is the first production worldwide
to explore such a text
with the verse spoken by Shakespeare's characters. When the
situation/verse is "normal" (given the scene's circumstances)
the pattern is given the poetic- academic term 'iambic pentameter'. In
human terms this best equates to five pairs of human heartbeats, the
strong stress coming on each alternate/even beat, as shown by the
capitalized syllables in Rosalind's demand,
IF you DO reFUSE to MArrie ME
most Shakespeare characters don't remain calm for long. The
resultant awkwardness’s make for the most interesting parts of the play.
And when in chaos, characters' verse rhythms often break, showing an actor
exactly where the stress is at its highest: i.e. the heartbeat
momentarily breaks, as with the opening statement from the dying Adam,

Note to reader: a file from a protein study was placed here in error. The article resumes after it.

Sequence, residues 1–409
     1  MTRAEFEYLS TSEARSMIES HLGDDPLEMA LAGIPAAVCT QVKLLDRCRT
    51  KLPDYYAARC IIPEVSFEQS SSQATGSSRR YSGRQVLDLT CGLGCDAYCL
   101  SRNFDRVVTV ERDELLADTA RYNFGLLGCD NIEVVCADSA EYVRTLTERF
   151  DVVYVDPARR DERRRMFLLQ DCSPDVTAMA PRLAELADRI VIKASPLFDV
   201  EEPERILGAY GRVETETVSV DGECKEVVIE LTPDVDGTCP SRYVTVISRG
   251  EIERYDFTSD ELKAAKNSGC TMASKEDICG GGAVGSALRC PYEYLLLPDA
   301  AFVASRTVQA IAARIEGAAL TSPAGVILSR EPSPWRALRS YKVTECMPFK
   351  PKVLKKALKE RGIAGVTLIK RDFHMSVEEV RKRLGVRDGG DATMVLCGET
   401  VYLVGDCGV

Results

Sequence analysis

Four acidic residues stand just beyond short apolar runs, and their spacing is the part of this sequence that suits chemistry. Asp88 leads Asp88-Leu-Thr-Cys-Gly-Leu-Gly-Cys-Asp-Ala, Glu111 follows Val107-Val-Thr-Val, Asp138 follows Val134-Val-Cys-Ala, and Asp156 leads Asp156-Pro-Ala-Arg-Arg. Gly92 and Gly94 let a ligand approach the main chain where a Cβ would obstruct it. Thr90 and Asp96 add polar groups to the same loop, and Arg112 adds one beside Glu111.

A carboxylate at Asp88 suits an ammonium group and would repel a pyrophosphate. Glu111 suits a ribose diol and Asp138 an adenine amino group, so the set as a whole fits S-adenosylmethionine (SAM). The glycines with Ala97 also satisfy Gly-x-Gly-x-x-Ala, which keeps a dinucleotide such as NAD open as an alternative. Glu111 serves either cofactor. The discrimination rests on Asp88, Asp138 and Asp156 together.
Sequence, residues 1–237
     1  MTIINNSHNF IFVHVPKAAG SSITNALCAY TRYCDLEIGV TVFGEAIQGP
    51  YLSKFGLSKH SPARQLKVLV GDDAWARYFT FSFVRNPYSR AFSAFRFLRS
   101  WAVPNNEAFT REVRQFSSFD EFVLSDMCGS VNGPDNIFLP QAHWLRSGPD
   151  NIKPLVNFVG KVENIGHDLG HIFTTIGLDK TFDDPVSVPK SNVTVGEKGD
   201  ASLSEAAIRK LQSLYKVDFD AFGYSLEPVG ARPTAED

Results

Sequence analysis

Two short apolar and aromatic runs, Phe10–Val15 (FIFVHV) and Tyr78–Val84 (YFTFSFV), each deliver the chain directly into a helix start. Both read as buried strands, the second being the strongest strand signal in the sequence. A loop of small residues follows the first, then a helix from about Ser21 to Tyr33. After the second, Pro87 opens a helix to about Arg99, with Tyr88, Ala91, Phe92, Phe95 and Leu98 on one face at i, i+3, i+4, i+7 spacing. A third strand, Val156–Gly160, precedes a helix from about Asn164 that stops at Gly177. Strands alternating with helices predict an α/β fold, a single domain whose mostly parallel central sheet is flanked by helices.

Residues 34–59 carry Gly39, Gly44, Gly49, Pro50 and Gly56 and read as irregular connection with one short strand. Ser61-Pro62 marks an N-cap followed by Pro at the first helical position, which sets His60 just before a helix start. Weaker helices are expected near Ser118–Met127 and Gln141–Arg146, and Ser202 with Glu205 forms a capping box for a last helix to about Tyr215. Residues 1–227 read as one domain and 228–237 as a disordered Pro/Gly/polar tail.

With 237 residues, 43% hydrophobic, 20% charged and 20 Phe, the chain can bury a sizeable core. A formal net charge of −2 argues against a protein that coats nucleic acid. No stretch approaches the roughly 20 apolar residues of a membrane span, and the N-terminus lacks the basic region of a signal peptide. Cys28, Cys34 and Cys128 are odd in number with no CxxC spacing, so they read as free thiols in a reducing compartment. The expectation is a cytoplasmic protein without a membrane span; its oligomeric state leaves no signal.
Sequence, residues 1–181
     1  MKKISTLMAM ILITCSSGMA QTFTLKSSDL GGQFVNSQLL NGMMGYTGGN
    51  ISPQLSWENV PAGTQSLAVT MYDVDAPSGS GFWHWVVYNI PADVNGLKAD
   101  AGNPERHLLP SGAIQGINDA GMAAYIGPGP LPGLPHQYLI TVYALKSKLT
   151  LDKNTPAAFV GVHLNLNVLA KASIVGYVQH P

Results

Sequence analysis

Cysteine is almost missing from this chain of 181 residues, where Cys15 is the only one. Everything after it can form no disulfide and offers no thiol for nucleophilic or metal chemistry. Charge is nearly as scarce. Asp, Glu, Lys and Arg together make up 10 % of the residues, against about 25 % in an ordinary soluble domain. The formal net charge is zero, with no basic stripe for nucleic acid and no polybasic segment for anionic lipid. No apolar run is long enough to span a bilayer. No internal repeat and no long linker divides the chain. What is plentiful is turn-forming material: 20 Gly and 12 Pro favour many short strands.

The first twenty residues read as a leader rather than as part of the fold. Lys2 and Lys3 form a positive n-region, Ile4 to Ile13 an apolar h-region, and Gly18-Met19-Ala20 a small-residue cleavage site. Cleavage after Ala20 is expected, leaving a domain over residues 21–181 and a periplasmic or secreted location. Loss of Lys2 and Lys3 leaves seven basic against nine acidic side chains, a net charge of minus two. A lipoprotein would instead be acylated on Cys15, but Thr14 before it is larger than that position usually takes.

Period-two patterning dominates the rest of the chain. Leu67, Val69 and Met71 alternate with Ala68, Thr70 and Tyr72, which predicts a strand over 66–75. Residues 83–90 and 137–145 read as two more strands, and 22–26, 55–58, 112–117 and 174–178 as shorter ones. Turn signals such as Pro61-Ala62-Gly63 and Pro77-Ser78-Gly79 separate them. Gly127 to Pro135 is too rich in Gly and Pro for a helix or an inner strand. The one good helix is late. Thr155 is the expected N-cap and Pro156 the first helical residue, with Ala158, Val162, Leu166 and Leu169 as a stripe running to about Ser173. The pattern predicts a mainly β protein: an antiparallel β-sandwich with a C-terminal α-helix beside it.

i DIE for FOOD
actor cannot speak heartbeat - 'o I die FOR food' - and make sense).
obvious example - so, more important are the circumstantially less obvious
breaks, leading to the key acting questions "why? here?", as
with the opening to Jaques famous 'Seven Ages of Man' speech which cannot
THE world's A stage
fact that Jaques is rhythmically off-balance here is undeniable: but the
'why' is up to each actor-director-dramaturgical team to explore.
There are two stages:
'COULD'S' are not accepted (yet) by all commentators - hence they are
shown in a separate section, highlighted by the italics (added for
illustrative purposes). These arise more from the line structure of
the original sixteenth-seventeenth century texts (stemming
especially from the punctuation), highlighting yet another lost
Shakespearean art, that of subtle debate.